Want a taste of boating’s future—autonomous docking, electric race boats and advanced connectivity? Brunswick Corp. was set to have a comprehensive display during this week’s Consumer Electronics Show with all those components, but decided to go virtual due to Covid concerns. Still, it provided a taste of the new technologies that boaters can expect.
The Chicago-area firm, which is the world’s largest pleasure boat and engine manufacturer, is now doing its best to be recognized as the leading tech player in the marine industry by moving forward on multiple fronts to keep boating apace with the automotive and aviation fields.
Brunswick has been flexing its tech muscles for several years. Among this year’s CES honorees for smart gadgets, phones and other emerging technologies, the Mercury 600 Verado V12, the world’s largest outboard launched by Brunswick’s engine division last year, won a 2022 CES Innovation Award last month for its advanced features. In 2020, Brunswick won a CES award for its First Mate safety and security system.
“I don’t think you’ll see another outboard win a CES award anytime soon,” Dave Foulkes, Brunswick CEO, told Robb Report.
The 177-year-old manufacturing firm’s culture is unrecognizable from just five years ago. “We’re increasingly a technology-orientated company,” says Foulkes. “The goal is to put marine technology on the same stage as other vertical industries. We want Brunswick to be positioned on the leading edge.”
The company has a few major competitors, including Groupe Beneteau in the boatbuilding sector and Yamaha Marine for outboards, but nobody is as aggressive when it comes to connecting new technologies to multiple platforms. It recently acquired marine electronics giant Navico for $1.05 billion, and earlier bought a lithium-battery supplier as well as Power Products Group, which advanced its connectivity and electrification strategies.
Electric boats have been around the industry for over a decade, but in the last year they have been expanding beyond small craft to putter around the marina and now include fast runabouts with foils, wake-surfing boats and even a battery-powered tender designed for coastal cruising. Brunswick’s Mercury division developed an electric outboard, rated at 65 kW, for the new E1 electric boat racing series. The sleek boat, called RaceBird (shown above), will run at about 58 mph.
“It’s a decent speed with a good range, and gives us a way to gain experience in a relatively controlled environment,” says Foulkes. Many of Mercury’s past racing engines have gone on to become mainstream inboards and outboards. Foulkes said that Mercury will launch five electric engines by 2023, with the first coming out this year. Its boatbuilding brands will launch four electric boats in the next two years.
The marine world won’t be jumping head-first into electric boats. The battery power necessary to push a boat through water—much thicker than air—will limit engine sizes to lower-horsepower ranges. Production volumes also tend to be much greater in the lower-horsepower range. Expect high-horsepower engines to keep running on gas. But the RaceBird should prove its worth for R&D, as well as global visibility for Mercury outside the marine world.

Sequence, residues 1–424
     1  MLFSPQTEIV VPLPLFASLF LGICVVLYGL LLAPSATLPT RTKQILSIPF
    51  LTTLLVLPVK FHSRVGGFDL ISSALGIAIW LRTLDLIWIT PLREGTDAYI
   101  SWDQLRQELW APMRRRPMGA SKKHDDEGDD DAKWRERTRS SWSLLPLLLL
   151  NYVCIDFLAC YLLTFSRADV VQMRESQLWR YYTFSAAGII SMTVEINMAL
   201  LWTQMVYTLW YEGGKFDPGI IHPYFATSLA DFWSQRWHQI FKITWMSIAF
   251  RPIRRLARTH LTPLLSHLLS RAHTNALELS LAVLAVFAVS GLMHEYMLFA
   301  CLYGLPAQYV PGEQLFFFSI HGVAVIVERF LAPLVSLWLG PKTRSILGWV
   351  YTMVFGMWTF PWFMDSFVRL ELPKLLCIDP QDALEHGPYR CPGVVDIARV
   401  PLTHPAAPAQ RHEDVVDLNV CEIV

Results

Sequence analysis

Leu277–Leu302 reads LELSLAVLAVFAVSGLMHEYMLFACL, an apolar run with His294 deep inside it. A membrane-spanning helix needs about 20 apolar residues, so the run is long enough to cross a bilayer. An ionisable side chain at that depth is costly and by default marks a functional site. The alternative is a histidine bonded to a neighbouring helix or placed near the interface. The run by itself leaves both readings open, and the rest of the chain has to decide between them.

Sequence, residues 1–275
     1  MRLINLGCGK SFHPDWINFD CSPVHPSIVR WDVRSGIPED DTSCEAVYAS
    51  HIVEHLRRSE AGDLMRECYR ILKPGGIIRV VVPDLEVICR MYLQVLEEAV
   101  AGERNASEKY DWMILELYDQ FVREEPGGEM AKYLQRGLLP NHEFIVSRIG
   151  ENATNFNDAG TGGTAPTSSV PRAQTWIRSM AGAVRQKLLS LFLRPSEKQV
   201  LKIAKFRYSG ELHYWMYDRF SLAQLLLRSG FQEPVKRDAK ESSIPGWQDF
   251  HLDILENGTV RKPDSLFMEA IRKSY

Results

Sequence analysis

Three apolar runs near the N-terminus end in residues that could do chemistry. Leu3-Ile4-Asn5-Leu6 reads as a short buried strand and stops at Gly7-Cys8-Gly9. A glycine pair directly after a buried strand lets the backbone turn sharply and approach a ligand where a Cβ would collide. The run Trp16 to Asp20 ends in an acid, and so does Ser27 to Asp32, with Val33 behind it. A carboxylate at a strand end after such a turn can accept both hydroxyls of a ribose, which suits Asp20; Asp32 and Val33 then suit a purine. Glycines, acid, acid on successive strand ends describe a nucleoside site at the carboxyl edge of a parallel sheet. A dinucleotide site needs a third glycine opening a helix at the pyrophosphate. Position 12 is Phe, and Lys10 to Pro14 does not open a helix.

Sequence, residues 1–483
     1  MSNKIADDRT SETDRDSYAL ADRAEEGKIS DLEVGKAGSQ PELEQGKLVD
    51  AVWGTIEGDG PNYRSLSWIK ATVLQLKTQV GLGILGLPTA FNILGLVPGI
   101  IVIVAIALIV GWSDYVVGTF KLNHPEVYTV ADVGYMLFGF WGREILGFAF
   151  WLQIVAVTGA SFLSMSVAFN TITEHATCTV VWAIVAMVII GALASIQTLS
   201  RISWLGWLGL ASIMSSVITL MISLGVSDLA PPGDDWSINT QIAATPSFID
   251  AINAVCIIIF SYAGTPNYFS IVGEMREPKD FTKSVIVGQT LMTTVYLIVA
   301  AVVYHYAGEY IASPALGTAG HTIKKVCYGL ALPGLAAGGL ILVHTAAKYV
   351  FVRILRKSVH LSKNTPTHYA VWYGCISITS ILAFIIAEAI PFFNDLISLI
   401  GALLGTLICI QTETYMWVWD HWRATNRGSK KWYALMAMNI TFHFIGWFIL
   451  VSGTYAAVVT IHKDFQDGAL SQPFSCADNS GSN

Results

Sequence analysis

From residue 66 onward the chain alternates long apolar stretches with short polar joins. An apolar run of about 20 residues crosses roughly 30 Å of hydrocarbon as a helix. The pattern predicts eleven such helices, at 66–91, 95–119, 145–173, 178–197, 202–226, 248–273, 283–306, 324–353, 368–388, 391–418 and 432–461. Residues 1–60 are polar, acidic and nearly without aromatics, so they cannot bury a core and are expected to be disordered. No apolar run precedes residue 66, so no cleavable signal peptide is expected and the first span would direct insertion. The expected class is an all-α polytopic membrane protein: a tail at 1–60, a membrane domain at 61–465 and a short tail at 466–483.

The other futuristic area Brunswick is exploring is autonomous boating. One of its boat brands, Boston Whaler, debuted its Docksense system, along with electronics manufacturer Raymarine, last November. It provides 360-degree views of the water, with alerts for hazards, backup cameras, increasing situational awareness for the boat’s operator. The company has also been working with Carnegie Robotics Laboratories on a driver-assisted system that delivers “level-two autonomy” with multiple types of feedback and intervention. “It’s more advanced than the level-zero autonomy currently on the water,” says Foulkes.
Driver-less cruising and autonomous-docking are not going to be features on boats anytime soon, says Foulkes, partly because of AI challenges in recognizing objects in the marine environment (it’s hard for machines to differentiate the line between sky and water in some scenarios), but also making the systems robust and cheap enough for the limited quantities of boat production.
“It’s progressing well but there are edge cases—high wind and waves—that we are working through,” says Foulkes, adding that the company doesn’t want its system to be the only substitute for a boater’s ability to dock manually, in case it goes offline. “Barring these challenges, there are many other ways we can assist boaters with docking.”
Perhaps the coolest feature that nobody will see this year was a virtual-reality boat with a real helm that did an immersive cruise.
“We use a program internally called the Unreal Engine for virtual reality to help our engineers manage their ways through virtual environments,” says Foulkes. “Used mostly by gaming engineers, it allowed us to create this fully immersive presentation. It’s really spectacular.”